Exclusive: 'Anderson Cooper' Sold in Four Top Markets

Updated: Show cleared in New York, Los Angeles, Chicago and Boston
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Warner Bros.' new talker, Anderson Cooper, has been sold in four top markets. Tribune's WPIX New York as well as Fox's KTTV Los Angeles, WFLD Chicago and WFXT Boston each have acquired the show for a fall 2011 debut.

The one-hour talk show will air in double runs, with stations retaining 11 minutes of local advertising time to sell and the syndicator keeping four minutes of national time.

"We're thrilled that we were able to navigate pretty early in the game to get these clearances. There's an also an enormous amount of interest from affiliates from other broadcast groups," says Ken Werner, president of Warner Bros. Domestic Television Distribution.

Anderson Cooper has made his name reporting and anchoring stories for his eponymous program on CNN, Anderson Cooper 360. Cooper also has been a frequent guest-host of Disney-ABC's Live! with Regis and Kelly, and he occasionally reports stories for CBS' 60 Minutes. Cooper is being pitched as a much-lighter, less news-heavy host for daytime, although he still will be willing to take on tough topics.

"Nobody is doing the non-Ellen portion of Oprah and that's an interesting place to be," says Werner. Warner Bros.' light-hearted Ellen is full of fun, wit and dancing, while CBS Television Distribution's Oprah, which ends its storied run after this season, runs the gamut from fashion segments and celebrity chats to emotional interviews with crime victims and intellectual discussions with authors.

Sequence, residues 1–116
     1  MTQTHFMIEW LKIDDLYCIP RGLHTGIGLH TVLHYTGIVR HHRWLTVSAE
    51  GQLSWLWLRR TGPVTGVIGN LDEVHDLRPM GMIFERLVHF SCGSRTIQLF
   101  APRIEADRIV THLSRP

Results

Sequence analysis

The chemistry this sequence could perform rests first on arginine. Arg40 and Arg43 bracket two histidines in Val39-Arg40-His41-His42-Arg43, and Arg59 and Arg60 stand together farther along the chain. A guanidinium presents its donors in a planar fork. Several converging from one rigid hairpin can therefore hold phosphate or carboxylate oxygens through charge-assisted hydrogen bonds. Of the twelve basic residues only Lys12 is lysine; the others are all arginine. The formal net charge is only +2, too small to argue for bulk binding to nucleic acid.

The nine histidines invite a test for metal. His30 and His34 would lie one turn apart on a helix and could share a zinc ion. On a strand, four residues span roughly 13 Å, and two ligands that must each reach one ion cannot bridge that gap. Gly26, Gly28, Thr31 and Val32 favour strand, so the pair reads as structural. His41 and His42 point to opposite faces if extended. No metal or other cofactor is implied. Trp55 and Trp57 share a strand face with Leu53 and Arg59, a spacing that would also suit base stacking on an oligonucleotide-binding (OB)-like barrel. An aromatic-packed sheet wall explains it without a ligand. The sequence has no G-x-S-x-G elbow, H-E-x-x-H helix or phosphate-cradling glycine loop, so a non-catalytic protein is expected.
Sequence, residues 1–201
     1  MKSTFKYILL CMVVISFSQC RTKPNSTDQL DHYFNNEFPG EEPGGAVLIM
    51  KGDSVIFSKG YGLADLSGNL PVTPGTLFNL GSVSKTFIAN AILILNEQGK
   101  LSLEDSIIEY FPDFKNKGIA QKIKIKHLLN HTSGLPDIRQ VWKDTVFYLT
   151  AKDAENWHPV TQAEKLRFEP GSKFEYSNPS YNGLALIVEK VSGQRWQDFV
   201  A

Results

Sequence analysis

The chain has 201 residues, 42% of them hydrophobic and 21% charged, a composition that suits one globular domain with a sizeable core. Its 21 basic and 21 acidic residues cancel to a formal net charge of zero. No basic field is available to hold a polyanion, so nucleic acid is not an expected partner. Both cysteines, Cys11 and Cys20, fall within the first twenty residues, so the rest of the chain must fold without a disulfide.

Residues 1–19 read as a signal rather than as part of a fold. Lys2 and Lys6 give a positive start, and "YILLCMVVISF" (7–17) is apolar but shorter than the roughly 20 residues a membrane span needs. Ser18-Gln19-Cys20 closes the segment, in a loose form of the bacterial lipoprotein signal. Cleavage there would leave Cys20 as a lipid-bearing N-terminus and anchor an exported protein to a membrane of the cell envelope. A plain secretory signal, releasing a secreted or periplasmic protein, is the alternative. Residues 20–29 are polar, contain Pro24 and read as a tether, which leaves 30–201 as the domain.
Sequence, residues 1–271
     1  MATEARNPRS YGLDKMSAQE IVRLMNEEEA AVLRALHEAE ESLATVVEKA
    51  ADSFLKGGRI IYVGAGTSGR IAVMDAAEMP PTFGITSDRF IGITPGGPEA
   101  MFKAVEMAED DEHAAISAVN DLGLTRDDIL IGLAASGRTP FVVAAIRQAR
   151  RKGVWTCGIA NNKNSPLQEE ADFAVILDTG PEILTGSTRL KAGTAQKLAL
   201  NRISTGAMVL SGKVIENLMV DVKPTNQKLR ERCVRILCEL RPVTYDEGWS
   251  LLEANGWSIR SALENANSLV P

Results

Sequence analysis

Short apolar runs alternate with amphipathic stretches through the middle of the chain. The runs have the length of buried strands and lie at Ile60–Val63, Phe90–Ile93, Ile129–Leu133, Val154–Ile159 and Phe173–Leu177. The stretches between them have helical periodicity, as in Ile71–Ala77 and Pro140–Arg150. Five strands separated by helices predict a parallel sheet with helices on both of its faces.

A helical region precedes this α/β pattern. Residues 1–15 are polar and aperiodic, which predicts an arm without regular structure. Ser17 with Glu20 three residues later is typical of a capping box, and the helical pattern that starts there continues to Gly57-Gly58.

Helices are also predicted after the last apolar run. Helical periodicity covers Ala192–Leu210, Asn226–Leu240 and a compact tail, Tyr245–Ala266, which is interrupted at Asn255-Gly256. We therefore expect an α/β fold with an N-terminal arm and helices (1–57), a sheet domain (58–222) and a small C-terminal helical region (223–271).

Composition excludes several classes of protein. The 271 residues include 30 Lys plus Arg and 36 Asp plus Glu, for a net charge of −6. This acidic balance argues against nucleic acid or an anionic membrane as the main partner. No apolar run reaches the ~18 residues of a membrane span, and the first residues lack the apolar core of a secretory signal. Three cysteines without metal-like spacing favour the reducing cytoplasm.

"It depends on how they craft the show," says Bill Carroll, vice president, programming at Katz Television Programming Group. Ultimately, if he ends up just doing social issues, no one will watch."

That won't be the case, assures Hilary Estey McLoughlin, president of Telepictures, the first-run production arm of Warner Bros. Television Group.

"Anderson loves doing Regis and the daytime television world in general," says McLoughlin, who thought Cooper would make a good daytime TV host and pursued him. "He loves pop
culture and celebrity. He wants to walk in other
people's shoes and he has shown the ability to wear his heart on the sleeve. His ability to emote and connect to people is what we're going to tap in to. He has
a lot of dimension to him."

Cooper's new daytime show is expected to pair well with Sony's Dr. Oz as an afternoon news lead-in. Fox airs Oz in New York, Los Angeles, Chicago, Philadelphia and Boston, although Fox is losing the show in Los Angeles next fall when it moves to ABC-owned KABC.

Thus far, two new first-run talkers look to be ready to launch next fall: Cooper and Debmar-Mercury's Jeremy Kyle, which has been cleared in more than 70% of the U.S.

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